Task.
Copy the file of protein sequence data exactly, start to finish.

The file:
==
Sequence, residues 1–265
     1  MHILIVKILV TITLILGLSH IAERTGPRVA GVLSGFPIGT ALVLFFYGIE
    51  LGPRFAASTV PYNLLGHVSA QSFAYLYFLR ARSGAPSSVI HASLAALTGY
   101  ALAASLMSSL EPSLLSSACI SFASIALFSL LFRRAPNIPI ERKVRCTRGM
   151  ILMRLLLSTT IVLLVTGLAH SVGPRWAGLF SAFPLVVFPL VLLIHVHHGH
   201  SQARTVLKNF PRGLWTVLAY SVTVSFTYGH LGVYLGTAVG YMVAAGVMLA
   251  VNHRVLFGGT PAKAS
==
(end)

Sequence, residues 1–265
     1  MHILIVKILV TITLILGLSH IAERTGPRVA GVLSGFPIGT ALVLFFYGIE
    51  LGPRFAASTV PYNLLGHVSA QSFAYLYFLR ARSGAPSSVI HASLAALTGY
   101  ALAASLMSSL EPSLLSSACI SFASIALFSL LFRRAPNIPI ERKVRCTRGM
   151  ILMRLLLSTT IVLLVTGLAH SVGPRWAGLF SAFPLVVFPL VLLIHVHHGH
   201  SQARTVLKNF PRGLWTVLAY SVTVSFTYGH LGVYLGTAVG YMVAAGVMLA
   251  VNHRVLFGGT PAKAS